Nazareth lost a queen this month. Zuheira Zouabi, a native of the city, served as the first Miss Lilach. The first contest sponsored by the eponymous women's magazine won attention in the Arab world as a result of the participation of Mouna Haleila, an observant young Muslim woman from Sakhnin. Haleila reached the final round wearing a hijab (traditional covering of the head, hair and neck) and modest clothing. Muslim women's organizations sent her congratulations and she was sent marriage proposals from Saudi Arabia

But in the end Haleila had to surrender the crown to Zouabi. This year, in the hall at the Plaza Hotel in Nazareth, to the voice of Jordanian moderator Asil Harisha, Zouabi handed the crown to the new queen: the blonde Sali Shahab from Shfaram. Shahab, who is only 15, loves dancing and all kinds of music. She defines herself as kind-hearted, ambitious, determined and as a lover of life.

Before the contest the candidates traveled to Jordan and met a jury there from throughout the Arab world. Serving on the jury here in Israel were, among others, Yasser Atilla, the director of programming for Israel Radio in Arabic, and Dr. Mary Haddad, the first woman gynecologist in the Arab sector. They awarded Shahab a monetary prize, a scholarship and, of course, a cover picture on an issue of Lilach.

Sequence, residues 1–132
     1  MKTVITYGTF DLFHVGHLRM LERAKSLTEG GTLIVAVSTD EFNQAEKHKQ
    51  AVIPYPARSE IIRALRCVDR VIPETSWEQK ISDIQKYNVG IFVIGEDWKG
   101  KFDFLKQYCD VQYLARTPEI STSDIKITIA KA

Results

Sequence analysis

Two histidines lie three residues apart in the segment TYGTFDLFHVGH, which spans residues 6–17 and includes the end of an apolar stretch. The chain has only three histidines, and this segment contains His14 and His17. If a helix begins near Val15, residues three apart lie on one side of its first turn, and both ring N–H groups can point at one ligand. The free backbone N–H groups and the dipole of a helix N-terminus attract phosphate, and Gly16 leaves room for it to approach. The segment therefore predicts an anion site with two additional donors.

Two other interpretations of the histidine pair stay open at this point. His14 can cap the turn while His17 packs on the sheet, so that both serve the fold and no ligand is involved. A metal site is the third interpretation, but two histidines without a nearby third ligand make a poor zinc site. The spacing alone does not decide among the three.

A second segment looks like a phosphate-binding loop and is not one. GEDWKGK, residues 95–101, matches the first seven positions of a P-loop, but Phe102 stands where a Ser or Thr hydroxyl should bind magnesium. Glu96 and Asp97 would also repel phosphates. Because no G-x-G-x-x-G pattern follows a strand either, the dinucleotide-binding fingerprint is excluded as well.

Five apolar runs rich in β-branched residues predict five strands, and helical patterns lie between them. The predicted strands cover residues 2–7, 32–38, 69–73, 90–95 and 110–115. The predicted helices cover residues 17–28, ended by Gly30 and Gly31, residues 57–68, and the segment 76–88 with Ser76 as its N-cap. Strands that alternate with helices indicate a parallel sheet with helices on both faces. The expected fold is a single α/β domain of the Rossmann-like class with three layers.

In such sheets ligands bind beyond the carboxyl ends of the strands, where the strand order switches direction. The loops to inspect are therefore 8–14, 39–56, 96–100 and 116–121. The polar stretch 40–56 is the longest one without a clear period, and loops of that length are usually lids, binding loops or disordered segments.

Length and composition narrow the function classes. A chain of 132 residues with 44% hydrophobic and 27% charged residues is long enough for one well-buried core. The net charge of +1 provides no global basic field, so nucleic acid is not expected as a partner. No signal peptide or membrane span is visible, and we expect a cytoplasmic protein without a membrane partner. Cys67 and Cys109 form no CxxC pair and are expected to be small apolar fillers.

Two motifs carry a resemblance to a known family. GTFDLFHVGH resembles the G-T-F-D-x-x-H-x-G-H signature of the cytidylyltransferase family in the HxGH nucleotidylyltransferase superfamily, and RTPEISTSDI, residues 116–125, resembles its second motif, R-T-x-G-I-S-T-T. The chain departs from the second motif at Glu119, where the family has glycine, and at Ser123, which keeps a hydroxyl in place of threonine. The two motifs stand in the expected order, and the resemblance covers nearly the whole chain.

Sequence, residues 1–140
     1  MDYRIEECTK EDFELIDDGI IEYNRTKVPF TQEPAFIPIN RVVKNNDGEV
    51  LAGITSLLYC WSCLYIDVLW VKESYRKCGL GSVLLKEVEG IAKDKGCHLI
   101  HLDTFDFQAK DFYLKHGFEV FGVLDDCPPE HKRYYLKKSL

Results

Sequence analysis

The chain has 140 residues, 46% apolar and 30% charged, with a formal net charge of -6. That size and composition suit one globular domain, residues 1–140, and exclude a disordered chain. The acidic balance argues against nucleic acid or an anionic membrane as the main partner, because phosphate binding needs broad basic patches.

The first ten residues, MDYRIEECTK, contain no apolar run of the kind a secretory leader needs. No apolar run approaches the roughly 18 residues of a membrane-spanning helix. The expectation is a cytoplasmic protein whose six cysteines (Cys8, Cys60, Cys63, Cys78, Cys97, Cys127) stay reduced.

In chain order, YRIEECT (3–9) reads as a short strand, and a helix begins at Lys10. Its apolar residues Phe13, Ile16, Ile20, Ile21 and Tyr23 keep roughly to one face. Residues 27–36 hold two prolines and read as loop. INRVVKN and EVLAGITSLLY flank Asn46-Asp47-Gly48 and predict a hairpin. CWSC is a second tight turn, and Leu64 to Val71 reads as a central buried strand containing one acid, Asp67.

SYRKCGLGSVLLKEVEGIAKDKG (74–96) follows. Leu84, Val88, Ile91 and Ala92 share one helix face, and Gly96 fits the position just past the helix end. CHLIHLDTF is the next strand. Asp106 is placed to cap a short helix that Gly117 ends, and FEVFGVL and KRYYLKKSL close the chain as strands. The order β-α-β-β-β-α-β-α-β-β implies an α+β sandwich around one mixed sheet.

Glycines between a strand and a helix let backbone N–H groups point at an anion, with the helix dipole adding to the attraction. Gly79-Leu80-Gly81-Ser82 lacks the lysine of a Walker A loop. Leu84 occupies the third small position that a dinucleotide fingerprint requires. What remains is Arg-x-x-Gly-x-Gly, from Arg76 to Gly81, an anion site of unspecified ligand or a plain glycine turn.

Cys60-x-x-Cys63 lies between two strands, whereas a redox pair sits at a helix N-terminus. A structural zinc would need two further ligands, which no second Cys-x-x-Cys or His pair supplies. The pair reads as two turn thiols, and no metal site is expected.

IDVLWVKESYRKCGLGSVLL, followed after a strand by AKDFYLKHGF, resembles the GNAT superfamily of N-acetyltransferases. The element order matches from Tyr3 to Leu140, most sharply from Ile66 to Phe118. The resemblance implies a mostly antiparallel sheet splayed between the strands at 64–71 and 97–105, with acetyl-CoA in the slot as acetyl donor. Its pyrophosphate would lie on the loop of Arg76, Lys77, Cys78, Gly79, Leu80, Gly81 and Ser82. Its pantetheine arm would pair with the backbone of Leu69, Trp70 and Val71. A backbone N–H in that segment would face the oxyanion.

Although there was only one woman on the local jury, on the stage there was a special mixture of the sexes. Parallel to the beauty contest for women this year, an Ideal Man contest was held under the sponsorship of the newspaper Al Sinara, which owns the women's magazine. The winner is Yamam Hamed, a 16-year-old Druze from Maghar. His deputy is the blue-eyed Mahmoud Dahar, from Nazareth, who was the audience favorite.

According to Vida Mash'oura, the publisher and editor in chief of the magazine, the participation in the two contests was very varied with respect to the contestants' religion and degree of observance. She mentions the parents of Riham Abu Ras of the village of `Ilut, who supported her candidacy despite complaints by observant elements in the village. "In the end the parents very much encourage the girls," says Mash'oura. "If the daughter doesn't win, her father cries more than she does." (Y. B-A.)